Peter I and His Court, Stanislaw Hlebowski, 1858. In Peter’s era, the aristocrats had strong drinking and social attributes, but what they needed to show was their own nobility, generosity, and arrogant masculinity, which was even regarded as the traits of leaders.
Peter I: The confrontation at the imperial wine table

  In order to achieve the point of enjoying the guests and hosts, getting drunk is a basic feature of Russian hospitality. If the guests cannot be driven unconscious, the banquet will not be considered a complete success. The toasts and cups at the banquet also revealed a sign of confrontation, that is, who wins who drinks? This tradition originated with a legendary monarch.
  During the reign of Peter I, a new wine began to enter the Northland banquet. This kind of wine is called “vodka”. Legend has it that it was born in the Chudov Monastery and was brewed by monks with rye, wheat, and mountain spring water. After it was solemnly named, it once spread throughout the scope of the former Orthodox mission. After entering the 16th century, Russia actively carried out the agricultural revolution, and the grain output was greatly improved. However, due to poor road conditions and poor transportation capacity, the profit of sending the newly increased grain to the market was too low, so it had to turn to distillation to make wine. Surprises were born – compared with fermented beer or mead, distilled wine hardly spoils, its value can be stored for a long time, and this value is easy to measure, subdivide and sell, becoming a long-distance , race, class currency.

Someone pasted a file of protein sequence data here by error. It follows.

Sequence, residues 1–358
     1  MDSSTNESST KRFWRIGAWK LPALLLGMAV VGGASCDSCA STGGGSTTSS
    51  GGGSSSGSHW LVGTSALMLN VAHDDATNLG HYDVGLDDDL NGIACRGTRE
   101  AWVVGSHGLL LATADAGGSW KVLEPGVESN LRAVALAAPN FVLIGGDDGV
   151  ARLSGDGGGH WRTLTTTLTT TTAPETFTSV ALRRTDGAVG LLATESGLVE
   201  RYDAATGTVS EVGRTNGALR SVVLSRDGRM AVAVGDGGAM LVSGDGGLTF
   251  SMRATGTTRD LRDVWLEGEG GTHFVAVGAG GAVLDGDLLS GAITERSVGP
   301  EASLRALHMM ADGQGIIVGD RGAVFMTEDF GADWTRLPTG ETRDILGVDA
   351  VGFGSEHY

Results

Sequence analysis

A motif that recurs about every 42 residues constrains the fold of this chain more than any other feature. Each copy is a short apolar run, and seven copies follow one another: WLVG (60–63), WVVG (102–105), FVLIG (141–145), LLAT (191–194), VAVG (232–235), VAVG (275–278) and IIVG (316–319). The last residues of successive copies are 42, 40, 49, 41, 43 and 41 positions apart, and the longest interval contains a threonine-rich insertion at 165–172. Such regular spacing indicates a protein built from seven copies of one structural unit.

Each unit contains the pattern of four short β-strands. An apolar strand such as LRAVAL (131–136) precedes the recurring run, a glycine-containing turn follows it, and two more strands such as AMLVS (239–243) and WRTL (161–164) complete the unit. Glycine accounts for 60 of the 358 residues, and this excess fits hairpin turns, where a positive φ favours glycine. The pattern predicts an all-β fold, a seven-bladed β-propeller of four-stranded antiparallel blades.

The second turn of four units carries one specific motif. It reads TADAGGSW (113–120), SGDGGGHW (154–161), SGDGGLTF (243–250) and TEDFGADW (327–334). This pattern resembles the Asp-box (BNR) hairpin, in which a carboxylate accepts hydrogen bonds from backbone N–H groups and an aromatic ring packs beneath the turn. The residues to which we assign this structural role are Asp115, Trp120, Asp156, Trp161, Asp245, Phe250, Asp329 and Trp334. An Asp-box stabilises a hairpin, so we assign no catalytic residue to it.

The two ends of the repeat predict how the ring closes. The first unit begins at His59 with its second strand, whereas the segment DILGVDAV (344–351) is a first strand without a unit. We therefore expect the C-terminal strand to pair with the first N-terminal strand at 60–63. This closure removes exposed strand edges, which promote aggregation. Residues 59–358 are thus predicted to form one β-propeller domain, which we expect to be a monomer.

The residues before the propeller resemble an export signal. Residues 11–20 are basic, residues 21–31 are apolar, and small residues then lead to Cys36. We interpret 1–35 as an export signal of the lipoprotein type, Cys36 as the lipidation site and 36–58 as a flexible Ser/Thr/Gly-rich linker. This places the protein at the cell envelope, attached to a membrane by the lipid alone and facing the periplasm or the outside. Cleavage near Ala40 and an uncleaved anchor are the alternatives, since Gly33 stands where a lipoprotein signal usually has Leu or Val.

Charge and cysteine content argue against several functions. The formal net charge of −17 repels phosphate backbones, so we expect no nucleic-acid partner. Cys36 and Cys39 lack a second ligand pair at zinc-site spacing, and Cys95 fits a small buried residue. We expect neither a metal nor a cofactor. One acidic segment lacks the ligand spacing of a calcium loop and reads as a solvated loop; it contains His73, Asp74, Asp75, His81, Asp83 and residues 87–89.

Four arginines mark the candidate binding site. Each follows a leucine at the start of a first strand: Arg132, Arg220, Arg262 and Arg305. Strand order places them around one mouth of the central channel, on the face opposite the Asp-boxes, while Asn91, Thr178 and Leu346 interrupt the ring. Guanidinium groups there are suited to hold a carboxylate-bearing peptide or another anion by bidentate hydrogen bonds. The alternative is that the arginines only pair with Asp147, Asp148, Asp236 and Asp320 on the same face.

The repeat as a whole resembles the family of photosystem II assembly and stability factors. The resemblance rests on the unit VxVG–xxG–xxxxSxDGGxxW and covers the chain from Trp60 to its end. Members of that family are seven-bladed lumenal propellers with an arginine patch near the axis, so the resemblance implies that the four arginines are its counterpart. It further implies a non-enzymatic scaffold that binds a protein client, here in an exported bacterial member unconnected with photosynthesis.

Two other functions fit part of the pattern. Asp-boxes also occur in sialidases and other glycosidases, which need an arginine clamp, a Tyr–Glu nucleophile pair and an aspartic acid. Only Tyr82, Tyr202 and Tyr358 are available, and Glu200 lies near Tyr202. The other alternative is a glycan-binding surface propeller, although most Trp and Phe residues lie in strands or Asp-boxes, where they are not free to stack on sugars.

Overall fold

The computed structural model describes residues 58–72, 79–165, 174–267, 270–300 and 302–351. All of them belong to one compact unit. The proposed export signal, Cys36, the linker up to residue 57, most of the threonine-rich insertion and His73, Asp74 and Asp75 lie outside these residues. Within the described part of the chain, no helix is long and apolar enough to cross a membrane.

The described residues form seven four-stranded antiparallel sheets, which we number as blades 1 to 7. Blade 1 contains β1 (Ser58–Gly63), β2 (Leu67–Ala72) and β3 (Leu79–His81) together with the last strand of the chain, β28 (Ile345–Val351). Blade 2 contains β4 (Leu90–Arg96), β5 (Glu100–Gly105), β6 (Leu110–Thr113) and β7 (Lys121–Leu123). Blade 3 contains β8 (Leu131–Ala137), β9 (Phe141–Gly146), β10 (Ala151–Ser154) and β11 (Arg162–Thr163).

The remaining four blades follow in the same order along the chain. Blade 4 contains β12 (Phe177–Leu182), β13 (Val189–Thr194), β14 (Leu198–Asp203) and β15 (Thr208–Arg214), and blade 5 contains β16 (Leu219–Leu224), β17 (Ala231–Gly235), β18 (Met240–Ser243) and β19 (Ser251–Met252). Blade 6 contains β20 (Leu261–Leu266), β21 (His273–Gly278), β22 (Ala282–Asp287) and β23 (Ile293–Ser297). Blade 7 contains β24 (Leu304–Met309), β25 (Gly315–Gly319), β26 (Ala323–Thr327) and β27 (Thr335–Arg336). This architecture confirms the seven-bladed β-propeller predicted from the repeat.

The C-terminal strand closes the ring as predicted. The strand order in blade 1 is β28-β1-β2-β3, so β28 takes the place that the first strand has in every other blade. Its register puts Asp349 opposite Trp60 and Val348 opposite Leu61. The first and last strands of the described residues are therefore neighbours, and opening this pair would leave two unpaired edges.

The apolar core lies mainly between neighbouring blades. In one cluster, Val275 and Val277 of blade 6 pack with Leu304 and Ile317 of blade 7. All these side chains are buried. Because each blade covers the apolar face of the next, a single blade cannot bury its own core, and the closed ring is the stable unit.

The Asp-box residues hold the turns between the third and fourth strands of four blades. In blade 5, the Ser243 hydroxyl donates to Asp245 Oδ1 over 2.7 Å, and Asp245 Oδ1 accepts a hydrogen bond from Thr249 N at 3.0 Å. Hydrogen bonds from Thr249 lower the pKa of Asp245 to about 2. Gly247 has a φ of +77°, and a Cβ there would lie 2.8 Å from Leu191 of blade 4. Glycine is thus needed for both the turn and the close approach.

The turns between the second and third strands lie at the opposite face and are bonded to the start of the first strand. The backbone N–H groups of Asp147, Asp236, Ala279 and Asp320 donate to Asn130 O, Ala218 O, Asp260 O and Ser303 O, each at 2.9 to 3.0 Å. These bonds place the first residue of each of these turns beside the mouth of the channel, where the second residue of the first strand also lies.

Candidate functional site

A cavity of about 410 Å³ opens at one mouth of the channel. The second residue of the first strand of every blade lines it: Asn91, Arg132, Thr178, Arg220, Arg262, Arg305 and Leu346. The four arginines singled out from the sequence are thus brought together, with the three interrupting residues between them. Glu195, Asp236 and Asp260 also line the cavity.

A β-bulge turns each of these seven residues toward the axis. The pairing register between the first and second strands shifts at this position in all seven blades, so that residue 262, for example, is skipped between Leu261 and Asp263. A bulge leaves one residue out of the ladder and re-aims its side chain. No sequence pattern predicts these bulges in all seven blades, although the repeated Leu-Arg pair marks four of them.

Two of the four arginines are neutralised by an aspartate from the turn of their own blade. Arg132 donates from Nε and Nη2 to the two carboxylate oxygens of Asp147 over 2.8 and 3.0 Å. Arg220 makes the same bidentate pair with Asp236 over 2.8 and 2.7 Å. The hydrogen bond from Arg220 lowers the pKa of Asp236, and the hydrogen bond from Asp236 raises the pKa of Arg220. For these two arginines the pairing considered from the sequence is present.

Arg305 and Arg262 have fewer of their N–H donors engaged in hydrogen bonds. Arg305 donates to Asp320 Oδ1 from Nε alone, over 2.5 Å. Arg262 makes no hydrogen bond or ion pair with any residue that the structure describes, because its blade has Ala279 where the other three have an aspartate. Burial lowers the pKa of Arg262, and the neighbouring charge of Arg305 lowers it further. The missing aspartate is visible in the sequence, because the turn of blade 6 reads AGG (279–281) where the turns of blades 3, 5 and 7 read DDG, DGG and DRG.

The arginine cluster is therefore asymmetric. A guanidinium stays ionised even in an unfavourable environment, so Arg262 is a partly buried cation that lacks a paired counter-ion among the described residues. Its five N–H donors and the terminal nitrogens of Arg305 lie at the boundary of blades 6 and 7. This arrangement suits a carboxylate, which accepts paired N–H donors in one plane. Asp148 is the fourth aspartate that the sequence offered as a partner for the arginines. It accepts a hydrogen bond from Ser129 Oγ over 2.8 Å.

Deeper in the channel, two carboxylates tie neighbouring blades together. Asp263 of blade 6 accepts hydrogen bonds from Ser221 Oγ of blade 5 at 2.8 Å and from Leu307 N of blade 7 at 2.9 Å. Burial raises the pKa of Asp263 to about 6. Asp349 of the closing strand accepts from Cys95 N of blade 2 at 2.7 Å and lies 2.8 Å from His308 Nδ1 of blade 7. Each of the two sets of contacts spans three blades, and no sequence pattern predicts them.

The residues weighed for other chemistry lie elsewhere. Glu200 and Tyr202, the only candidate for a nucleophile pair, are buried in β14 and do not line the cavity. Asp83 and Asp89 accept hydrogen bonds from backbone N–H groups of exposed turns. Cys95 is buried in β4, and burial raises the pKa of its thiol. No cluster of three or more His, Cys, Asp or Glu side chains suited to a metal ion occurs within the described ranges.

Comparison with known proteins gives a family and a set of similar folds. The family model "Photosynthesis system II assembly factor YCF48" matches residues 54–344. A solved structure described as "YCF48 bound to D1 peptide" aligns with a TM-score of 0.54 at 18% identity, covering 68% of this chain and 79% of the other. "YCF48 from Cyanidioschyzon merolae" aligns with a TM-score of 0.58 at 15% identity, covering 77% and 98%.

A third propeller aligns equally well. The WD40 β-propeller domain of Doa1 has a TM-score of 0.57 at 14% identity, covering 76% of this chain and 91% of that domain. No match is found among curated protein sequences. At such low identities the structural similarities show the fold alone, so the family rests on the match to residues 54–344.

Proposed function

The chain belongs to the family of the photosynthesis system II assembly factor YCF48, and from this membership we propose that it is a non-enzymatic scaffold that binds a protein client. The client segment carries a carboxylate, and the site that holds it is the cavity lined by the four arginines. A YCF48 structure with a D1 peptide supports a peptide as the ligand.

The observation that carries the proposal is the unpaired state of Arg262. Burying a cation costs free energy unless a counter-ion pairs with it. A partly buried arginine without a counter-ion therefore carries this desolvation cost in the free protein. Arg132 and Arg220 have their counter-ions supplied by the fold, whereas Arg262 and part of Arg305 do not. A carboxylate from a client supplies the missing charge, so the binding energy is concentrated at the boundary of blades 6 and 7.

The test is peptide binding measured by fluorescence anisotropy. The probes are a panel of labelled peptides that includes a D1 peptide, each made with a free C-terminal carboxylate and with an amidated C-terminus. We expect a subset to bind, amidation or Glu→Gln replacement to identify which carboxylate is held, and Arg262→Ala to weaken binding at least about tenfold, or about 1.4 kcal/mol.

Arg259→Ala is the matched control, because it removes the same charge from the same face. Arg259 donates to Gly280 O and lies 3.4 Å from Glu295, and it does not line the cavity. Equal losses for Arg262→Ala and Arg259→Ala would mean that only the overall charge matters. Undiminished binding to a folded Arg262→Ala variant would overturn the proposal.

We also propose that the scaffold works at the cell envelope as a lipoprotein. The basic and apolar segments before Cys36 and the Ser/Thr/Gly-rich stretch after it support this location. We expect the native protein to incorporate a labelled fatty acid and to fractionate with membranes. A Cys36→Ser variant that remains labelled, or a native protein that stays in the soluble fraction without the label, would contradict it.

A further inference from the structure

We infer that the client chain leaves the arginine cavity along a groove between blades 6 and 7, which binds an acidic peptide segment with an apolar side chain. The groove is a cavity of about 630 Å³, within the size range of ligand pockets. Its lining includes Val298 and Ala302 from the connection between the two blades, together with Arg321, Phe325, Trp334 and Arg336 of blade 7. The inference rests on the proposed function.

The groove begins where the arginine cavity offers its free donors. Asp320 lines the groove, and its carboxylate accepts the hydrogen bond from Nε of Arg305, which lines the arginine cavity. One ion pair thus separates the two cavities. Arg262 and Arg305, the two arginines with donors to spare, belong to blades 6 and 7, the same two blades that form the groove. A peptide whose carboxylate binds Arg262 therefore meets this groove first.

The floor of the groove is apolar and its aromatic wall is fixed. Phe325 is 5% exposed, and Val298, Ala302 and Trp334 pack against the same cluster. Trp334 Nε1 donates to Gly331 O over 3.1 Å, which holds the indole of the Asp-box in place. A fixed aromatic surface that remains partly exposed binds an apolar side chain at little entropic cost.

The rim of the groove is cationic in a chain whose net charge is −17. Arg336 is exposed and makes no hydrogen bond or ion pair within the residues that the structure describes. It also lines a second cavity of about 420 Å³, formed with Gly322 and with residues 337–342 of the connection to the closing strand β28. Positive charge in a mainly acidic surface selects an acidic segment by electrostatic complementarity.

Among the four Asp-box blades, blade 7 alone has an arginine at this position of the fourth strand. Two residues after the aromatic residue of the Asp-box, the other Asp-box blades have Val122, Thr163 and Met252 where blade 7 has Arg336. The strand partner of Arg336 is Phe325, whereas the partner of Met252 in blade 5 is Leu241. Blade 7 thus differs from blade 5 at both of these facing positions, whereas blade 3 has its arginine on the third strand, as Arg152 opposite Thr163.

For the Russians, the achievements of Peter the Great shine through the ages, and among them, traveling around the West with the mission and returning home to reform is the most commendable. When Peter disguised himself and mixed into the mission, Russia was far behind in culture, shipbuilding and military industry compared to Western countries. In the eyes of most Westerners at that time, Russia, as a wild and ancient country on a remote ice sheet, was a dark and deep medieval fossil. It is even more straightforward to use the words of Taylor, an authoritative scholar in the history of modern Western history and international relations in the 20th century, in “The Struggle for European Hegemony”: “In the depths of the soul, the British and the French (the latter is to a lesser extent) ) all regard the Russians as a semi-Asian country, which is not much higher than Turkey’s level, and it is not even higher than China’s level.”
  But in the eyes of the Russians, being forced to communicate with Western pagans in strange clothes is a kind of humiliation. The huge risk we face is to allow the impact on beliefs that are regarded as life. Western etiquette, customs, aesthetics, utensils, etc. must be carefully observed. At the time of the visit, there were concerns in the country, the internal rebellion was still bloody, and the external neighbors were treacherous and unpredictable.